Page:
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70% of the planet’s arable land belongs to 1% of farms

A coalition of 250 organizations, the International Land Coalition, is ringing alarm bells for agricultural land inequality with a report released on November 24th. According to this report, 1% of farmers take care of 70% of the agricultural land. According to the authors of the text, such a concentration has serious ecological, social and political consequences.

The study by the International Land Coalition reveals underestimated inequalities

Since the 1980s, researchers have observed a concentration of land control with the liberalization of markets and the financialization of agricultural companies. The agricultural world is increasingly polarized between large farmers, large landowners and small producers, who are often family-owned, even if the two worlds interact.

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A group of members of the International Land Coalition, including the NGO Oxfam, the Center for International Cooperation in Agricultural Research for Development (Cirad) and the University of Bern, conducted a study in 17 countries to investigate the importance of land ownership in agriculture.

The study draws on the known literature on the subject, on pre-existing data such as the Gini coefficient for land distribution (surveys on ownership and area of ​​farms). The data have been completed taking into account some ignored criteria such as multiple ownership, effective land control and landlessness.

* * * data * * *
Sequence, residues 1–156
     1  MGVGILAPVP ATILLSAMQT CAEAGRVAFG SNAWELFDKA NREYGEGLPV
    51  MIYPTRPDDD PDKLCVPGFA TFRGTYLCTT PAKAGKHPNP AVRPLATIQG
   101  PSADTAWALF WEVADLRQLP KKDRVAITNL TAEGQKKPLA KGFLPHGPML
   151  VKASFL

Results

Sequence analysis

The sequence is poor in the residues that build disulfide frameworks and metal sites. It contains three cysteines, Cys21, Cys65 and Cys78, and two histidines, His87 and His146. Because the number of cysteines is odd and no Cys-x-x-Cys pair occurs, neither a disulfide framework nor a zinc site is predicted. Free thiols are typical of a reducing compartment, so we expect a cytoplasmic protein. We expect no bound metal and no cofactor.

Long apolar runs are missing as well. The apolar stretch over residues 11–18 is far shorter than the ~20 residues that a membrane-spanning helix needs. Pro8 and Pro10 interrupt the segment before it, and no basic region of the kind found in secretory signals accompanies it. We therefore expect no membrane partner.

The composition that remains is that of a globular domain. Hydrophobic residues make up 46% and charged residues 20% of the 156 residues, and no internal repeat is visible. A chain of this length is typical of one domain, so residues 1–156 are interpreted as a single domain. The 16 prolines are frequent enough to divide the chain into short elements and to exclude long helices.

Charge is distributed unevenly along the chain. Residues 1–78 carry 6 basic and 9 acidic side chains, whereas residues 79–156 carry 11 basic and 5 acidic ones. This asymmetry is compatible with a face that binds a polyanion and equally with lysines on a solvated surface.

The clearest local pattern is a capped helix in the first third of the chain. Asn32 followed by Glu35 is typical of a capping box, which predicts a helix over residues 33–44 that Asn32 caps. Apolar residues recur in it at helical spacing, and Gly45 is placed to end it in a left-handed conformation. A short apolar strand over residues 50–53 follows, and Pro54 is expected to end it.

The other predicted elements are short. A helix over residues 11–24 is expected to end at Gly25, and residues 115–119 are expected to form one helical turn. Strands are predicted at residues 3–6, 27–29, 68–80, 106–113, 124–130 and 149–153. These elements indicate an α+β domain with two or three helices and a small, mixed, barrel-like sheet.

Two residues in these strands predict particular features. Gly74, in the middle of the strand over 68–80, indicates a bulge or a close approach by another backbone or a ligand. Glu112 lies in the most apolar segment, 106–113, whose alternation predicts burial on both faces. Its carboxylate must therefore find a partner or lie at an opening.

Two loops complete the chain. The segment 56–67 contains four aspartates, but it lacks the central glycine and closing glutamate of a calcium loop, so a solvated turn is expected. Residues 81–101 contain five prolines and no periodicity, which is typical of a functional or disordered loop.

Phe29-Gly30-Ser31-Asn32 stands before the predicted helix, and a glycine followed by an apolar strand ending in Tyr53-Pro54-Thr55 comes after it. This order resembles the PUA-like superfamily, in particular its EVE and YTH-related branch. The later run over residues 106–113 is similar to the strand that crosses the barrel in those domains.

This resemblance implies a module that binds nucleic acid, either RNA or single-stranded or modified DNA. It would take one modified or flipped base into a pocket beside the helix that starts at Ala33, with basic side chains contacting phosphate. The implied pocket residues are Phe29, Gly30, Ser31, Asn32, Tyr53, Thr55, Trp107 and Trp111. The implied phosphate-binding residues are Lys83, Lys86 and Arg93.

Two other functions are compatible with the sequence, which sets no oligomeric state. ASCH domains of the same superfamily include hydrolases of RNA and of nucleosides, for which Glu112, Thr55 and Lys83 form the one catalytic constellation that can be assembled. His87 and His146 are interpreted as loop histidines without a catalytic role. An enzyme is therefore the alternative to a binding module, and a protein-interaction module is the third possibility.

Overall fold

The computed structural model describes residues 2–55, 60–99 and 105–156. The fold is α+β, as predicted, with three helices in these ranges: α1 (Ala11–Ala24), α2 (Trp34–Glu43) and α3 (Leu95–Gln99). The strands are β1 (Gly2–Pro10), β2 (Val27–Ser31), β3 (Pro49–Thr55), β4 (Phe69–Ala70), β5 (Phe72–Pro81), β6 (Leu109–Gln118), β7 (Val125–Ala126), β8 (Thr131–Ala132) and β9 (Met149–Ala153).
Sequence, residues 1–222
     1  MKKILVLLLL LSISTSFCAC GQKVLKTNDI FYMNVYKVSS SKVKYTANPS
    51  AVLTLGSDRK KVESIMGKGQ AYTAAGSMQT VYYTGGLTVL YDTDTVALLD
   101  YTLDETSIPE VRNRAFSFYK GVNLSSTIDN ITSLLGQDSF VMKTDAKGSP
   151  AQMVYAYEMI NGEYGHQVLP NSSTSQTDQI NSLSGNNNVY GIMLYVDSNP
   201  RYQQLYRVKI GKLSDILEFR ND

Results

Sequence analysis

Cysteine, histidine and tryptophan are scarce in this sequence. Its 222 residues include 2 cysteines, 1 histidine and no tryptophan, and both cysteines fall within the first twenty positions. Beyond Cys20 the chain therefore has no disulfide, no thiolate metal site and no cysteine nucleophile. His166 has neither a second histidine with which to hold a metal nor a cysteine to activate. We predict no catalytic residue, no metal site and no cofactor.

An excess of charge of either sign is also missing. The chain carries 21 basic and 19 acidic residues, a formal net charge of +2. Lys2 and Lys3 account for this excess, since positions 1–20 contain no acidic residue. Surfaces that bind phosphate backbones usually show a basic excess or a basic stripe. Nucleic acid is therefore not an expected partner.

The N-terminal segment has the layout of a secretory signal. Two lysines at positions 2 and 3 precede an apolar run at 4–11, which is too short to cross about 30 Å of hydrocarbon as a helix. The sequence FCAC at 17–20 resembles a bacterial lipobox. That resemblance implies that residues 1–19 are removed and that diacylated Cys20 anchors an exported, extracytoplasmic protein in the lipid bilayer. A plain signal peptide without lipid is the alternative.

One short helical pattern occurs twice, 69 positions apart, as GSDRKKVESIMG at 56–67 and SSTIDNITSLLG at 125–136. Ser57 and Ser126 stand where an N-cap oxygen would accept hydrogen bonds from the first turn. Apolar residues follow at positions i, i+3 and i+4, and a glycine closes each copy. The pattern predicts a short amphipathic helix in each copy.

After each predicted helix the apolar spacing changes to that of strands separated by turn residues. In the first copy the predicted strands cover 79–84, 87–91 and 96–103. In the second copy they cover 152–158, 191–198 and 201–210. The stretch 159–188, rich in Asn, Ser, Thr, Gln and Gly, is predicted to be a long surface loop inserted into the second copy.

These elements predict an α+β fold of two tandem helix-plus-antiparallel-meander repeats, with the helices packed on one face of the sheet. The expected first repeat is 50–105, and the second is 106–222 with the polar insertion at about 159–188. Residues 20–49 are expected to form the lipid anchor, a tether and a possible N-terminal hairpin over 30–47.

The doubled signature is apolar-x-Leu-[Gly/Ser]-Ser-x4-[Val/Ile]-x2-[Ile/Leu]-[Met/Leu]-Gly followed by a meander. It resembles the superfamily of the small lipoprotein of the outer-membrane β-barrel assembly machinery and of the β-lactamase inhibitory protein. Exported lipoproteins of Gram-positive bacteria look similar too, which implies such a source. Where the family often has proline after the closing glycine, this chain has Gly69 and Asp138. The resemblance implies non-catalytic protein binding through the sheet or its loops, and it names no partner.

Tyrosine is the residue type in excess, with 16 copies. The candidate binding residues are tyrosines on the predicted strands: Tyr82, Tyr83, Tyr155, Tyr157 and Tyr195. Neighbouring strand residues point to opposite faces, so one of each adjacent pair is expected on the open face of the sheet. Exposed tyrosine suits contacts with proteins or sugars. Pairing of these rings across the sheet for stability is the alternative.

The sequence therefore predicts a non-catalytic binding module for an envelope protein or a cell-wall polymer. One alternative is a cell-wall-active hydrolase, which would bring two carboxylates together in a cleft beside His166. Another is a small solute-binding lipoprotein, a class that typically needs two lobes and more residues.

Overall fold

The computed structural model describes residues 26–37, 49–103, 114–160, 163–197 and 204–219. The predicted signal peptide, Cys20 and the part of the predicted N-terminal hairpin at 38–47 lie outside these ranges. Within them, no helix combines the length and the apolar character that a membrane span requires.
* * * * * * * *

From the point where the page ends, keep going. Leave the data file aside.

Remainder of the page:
The result is clear, land inequalities are worsening. Taking into account the landless, the new methodology shows that inequalities in the duration of land use in rural areas were underestimated by as much as 41%. The number of farms is estimated at 608 million worldwide: 80% are small farms with an area of ​​less than two hectares that are excluded from the global food chains. 1% of the largest farms use 70% of the planet’s arable land.

According to the report, these land inequalities lead to economic inequalities, with agricultural labor precariousness and an increase in unemployment due to the economies of scale of large farms. In developing countries, Asia and Africa, where the number of small farms is highest, the large farm model run by the elite of the countries could also be the source of democratic weakening.

The environmental impact of land inequality

Climate change is one of the causes of land inequality as it reduces agricultural productivity in certain regions of the world. Big farms could also promote climate change, says Ward Anseeuw, senior technical specialist for the International Land Coalition interviewed by the Guardian: “The concentration of ownership and control puts more pressure on monocultures and more agriculture. intense because mutual funds typically operate on ten-year cycles to generate returns. “Practices that will ultimately deplete the soil, a conclusion the United Nations shared in 2019.

Conversely, Ward Anseeuw praises smallholders, family farmers, etc .: “They are much more careful and in the long run produce more per unit area and destroy less.”

To address these land inequalities, which are already very high in Latin America and growing in Africa and Asia, the report suggests various options for reflection: long-term measures with redistribution programs, regulatory reforms, fiscal measures and measures of accountability related to the land, but also throughout the agrifood sector. An ambitious paradigm shift “but not impossible” according to the report of the International Land Coalition. Much is at stake, however, in sustaining agricultural production to feed a human population that could approach 10 billion people in 2050, while preserving the soil to … maintain agricultural production.

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